The Harmony Silk Factory
by Tash Aw
This novel seemed to have all the right elements for me to love it, but I’m not sure I even liked it. I see a lot of Goodreads reviewers have called it 2/3 a good novel and I can see their point, but I think it fails long before the final section that others disliked.
Set in Malaysia, with its key events taking place in the 1940s, this is ostensibly the story of Jonny Lim, a poor country boy turned wealthy textile merchant, but his story is told through the lens of three narrators who all think they knew him far better than their accounts suggest is true. Was Jonny a Communist leader, a gangster, a murderer, a traitor? His son Jasper thinks so, but his account appears to be the least reliable of all.
Jasper is the first narrator. Following his father’s death, he is trying to piece together Jonny’s life from a combination of official documents, his own memories, rumours and a generous dose of his own imagination. His unreliability is so thickly laid on that I found it tedious rather than mysterious. There is some satisfaction to be had from seeing some of the events later through another perspective and finding a version of the truth that rings truer, but a lot of what Jasper covers is never revisited, so it can only ever be pure speculation.
While Jasper was raised by his father, and should therefore know him better than the other two narrators, the key events he is trying to unravel all happened before his birth. Jasper’s mother Snow died in childbirth, so he endows her with angelic qualities that may or may not be warranted. In addition, the events in question are of necessity shrouded in secrecy because they involve the Japanese occupation of the Malay peninsula, and whether Jonny was working for guerilla Communists or for the Japanese or perhaps both. Couple that with the fact that he had an antagonistic relationship with his father later in life, and it becomes clear that Jasper is determined to think the worst rather than having any real evidence of anything at all.
“The day TK came to the shop, it rained heavily and unexpectedly. It was mid-August and the dry season was at its peak, shrinking the rivers into cracked brown beds and rotting the overripe mangoes and jackfruit which lay blackening on the ground. At this time of year the people of the valley shut themselves indoors in the afternoons. They fan themselves with rolled-up newspapers and wait for the odd breeze to stir the heavy air. Occasionally, even at the driest times of the year, there may be a brief rain shower, sweeping swiftly across the valley, gently moistening the parched leaves of the trees. Barely an hour after it passes the earth is dry again and does not smell of water.”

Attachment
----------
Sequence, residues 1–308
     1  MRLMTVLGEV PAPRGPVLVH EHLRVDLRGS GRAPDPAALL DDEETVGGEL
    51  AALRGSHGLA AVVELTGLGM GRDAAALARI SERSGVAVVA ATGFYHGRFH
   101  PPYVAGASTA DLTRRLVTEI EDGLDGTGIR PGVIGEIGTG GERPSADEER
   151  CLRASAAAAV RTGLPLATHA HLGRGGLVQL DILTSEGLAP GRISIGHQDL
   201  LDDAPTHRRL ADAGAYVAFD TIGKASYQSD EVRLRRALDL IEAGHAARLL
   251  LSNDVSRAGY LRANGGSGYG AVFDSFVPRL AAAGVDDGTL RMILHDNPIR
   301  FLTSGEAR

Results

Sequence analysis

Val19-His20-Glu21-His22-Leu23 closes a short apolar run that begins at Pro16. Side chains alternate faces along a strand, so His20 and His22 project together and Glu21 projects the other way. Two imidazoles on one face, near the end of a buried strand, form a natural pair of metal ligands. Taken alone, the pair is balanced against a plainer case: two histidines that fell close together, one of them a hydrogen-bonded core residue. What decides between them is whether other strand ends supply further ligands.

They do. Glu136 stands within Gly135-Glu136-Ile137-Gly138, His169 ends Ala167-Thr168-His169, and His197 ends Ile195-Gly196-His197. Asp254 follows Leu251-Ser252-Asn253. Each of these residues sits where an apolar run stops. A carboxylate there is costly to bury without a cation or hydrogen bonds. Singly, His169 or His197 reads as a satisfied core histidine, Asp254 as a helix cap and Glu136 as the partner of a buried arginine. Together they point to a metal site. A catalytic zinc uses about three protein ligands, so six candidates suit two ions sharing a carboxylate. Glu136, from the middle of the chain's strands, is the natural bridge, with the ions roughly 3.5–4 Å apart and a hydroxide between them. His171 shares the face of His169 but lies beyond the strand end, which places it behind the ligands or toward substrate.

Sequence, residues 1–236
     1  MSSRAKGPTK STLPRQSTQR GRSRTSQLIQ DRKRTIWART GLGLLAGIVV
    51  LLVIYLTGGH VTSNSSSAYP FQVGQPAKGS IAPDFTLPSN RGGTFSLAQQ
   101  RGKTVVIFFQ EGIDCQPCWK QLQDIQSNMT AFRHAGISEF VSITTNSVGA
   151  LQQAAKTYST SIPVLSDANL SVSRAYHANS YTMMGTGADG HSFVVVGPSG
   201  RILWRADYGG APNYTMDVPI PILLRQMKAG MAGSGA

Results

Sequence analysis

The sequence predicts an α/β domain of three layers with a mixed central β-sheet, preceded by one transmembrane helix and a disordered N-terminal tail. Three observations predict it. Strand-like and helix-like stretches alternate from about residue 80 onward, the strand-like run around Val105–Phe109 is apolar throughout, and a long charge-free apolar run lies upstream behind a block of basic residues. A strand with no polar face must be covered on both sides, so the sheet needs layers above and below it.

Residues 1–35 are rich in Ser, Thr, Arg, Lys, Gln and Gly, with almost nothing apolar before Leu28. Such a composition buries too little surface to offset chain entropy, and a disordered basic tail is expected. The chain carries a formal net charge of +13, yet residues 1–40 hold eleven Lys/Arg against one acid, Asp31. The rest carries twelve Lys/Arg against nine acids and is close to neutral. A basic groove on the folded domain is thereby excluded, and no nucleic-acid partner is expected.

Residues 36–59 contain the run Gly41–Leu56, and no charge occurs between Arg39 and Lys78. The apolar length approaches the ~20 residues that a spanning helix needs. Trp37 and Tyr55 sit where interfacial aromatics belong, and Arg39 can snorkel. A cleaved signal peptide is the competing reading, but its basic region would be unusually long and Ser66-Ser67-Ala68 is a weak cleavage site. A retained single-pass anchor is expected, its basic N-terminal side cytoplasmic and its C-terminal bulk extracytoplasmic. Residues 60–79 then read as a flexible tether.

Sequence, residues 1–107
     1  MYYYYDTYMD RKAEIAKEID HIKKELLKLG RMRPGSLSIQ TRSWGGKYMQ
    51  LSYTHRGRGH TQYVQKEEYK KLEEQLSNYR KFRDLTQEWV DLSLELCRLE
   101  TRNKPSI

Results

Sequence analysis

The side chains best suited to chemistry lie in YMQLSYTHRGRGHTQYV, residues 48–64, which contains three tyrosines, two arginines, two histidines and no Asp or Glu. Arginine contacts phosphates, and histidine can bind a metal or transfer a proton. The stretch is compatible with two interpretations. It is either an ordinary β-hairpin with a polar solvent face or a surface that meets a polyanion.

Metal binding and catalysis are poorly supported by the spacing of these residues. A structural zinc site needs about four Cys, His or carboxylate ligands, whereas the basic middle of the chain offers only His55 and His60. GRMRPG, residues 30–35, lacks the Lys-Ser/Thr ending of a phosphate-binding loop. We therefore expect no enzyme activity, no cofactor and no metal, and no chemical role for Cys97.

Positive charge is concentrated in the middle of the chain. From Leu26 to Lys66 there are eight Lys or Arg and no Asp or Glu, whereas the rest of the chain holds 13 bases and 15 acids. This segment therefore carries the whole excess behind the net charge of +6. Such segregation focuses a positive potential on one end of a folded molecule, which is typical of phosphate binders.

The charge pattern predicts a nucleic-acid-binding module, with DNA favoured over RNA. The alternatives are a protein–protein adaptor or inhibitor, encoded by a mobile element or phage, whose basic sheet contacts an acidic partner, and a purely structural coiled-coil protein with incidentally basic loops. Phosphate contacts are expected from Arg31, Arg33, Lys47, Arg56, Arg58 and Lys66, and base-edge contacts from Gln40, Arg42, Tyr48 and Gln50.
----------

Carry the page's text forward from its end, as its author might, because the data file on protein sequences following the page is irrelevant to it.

I was so annoyed by Jasper’s tone and what seems to be wilful misunderstanding that I was ready to give up on this novel. But a quick browse of other reviews mentioned that there were three narrators, including Snow, so I decided to hold on and see if her voice saved the novel. It did. I only wish the whole thing had been as good as that middle section.
The middle section is an excerpt from Snow’s diary, a year after her marriage to Jonny. Her parents contrive to send her and Jonny on a belated honeymoon to a mysterious island, accompanied by a trio of escorts: a suave Japanese professor, an aloof English gentleman liked by no-one and Jonny’s closest friend Peter, another Englishman who is awkward in every situation except when he’s alone with Jonny.
Clearly Snow’s parents are up to something but she appears to accept it without question. Is she naive, or is she not telling the whole truth in her diary? There are a multitude of lies and resentments at play between the four men and it seems unlikely that Snow could be ignorant of the reasons. But I did enjoy her voice and her descriptions of the rather strange journey the five of them undertake.
The final section is narrated by Peter, grown old and living in a retirement home. In-between his plans to revamp the garden, he reflects on his friendship with Jonny and why it ended. He’s still living in Malaysia and is clearly not well liked at the home. It’s easy to see why, as his language is pretentious and racist. He’s an awful person but he does appear to illuminate some of the mysteries raised earlier in the novel, or at least confirm or deny things heavily hinted at. Then again, why should we trust that is more of a truthteller than Jasper or Snow?
I understand the theoretical appeal of a story full of questions that aren’t really answered, the historical backdrop is interesting and the descriptions of the Malay countryside are beautiful, but this just didn’t work for me. The one woman character appears to be nothing more than beautiful and stupid. The men reveal too little about themselves to ameliorate their negative qualities. And I guess I prefer mysteries that are solved.
Published 2005 by Fourth Estate.
Source: Secondhand, probably from a charity shop years ago.